In this study, we are proposing a new straightforward algorithm based on the
correlation approach. The algorithm neither requires a template selection such
as in Bazen et al. (2000), nor subdivision of the FIs into smaller windows
along with a thinning process on the image Hatano et al. (2002), also
increasing the computational time.
THE CORRELATION BASED MATCHING ALGORITHM
The suggested algorithm requires 5 steps; segmentation of the image, determination of ridge orientations, RP detection, normalization of the images and finally the proposed algorithm.
Segmentation: It is a process of removing the unnecessary sections of the image where the actual fingerprint image is enclosed. Therefore for the relevant sections of the image, no time is spent for preprocessing steps. This operation may be based on the variance of the grayscale intensities and the local directional histogram values, gradient coherence values (Mehtre and Chatterjee, 1989). In this application a variance based segmentation operation (Jain et al., 1997) calculated by:
is used, where the w is the block size, M(x, y) and σ(x, y) are the mean
intensity value and variance of the block centered at (x, y).
Ridge orientation: The ridge directions are used for determining the RP. The term orientation image often refers to the determination of local ridge orientation in the FI. The following processing steps are applied for finding orientations (Hong et al., 1998). The local orientation of the (x, y) centered wxw sized block is calculated by:

Fig. 1: 
Regions of integration of the sine components and detected
RP 
Where, the ∂_{x}(x, y) and ∂_{y} (x, y) are calculated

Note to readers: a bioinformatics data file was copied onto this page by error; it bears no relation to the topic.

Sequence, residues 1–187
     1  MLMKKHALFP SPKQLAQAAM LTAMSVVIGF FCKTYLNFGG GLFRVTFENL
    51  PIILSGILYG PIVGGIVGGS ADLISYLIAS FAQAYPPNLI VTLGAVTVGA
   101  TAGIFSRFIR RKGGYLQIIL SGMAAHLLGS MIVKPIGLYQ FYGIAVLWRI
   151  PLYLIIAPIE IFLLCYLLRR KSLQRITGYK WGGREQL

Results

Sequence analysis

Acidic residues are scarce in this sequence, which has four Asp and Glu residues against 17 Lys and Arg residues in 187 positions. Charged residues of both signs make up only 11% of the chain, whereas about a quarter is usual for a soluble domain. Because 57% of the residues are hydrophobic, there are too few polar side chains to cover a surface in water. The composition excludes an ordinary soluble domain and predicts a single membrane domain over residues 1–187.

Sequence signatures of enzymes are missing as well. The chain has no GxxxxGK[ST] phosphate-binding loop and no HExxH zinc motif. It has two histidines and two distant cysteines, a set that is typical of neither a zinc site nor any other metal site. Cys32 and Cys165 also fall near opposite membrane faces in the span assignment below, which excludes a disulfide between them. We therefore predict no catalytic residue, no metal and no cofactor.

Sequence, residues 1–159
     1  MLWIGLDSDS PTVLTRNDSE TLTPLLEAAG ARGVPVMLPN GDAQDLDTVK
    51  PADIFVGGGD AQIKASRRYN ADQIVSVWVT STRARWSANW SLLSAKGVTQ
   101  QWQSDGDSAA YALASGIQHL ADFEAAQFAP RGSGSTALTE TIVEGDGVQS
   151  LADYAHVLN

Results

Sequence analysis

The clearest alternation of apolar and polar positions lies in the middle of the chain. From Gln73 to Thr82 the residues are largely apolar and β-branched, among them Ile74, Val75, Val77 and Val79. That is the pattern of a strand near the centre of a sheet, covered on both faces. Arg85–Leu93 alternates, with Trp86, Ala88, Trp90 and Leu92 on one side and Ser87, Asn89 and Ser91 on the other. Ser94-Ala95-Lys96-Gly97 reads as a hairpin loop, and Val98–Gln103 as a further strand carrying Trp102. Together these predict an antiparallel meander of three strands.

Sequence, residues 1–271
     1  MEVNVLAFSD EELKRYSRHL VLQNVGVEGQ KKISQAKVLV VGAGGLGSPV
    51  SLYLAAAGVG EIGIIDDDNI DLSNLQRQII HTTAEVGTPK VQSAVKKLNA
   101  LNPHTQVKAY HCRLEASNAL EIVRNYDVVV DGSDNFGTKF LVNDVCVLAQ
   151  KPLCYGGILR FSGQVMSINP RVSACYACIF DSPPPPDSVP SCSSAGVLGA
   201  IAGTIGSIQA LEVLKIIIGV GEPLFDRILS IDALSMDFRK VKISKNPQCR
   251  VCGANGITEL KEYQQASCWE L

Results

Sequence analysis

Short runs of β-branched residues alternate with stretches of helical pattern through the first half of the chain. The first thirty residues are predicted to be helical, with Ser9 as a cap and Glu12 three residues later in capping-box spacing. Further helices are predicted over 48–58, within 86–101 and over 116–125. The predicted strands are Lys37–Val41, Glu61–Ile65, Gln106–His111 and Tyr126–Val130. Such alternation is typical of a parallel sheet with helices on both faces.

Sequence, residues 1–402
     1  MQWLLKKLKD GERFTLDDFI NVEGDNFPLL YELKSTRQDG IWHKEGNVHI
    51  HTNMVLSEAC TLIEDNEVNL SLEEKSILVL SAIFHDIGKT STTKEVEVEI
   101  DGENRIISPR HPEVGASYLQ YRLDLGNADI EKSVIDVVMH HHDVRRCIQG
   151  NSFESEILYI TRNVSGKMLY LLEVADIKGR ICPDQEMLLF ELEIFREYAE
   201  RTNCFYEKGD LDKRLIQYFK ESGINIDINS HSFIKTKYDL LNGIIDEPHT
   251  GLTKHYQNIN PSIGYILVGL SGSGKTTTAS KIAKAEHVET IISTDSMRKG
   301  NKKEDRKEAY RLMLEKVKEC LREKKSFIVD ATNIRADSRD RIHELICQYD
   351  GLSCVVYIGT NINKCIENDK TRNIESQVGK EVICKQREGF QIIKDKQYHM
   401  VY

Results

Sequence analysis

by using sobel operators. Following the orientation fields are smoothed by a
low pass filter.
Determining the RP: To be able to align two FI, a RP is required. The
most widely used RP is the core point. In our application we have used the algorithm
presented in (Wang and Wang, 2004). It is based on differential sum of sine
values of the directions of the pixels that are located on a certain radius
(Fig. 1).
Normalization: To reduce the effect of the fingerprint pressure differences
and sensor noise normalization is performed. It is a pixel based operation which
does not chance the clarity of the ridge and valley tracks on the fingerprint.
It is performed on the subdivided image blocks. After calculating the mean and
standard deviation of the blocks corresponding new pixel colors are obtained.
If this operation is performed on the entire image rather than the subdivided
blocks, the system can not compensate the intensity variations caused by the
fingerprint pressure differences. The normalized pixel value (i.e., within the
block) is calculated by Eq. 6 using the sigmoid function:
Correlation algorithm: The correlation based analysis of the fingerprints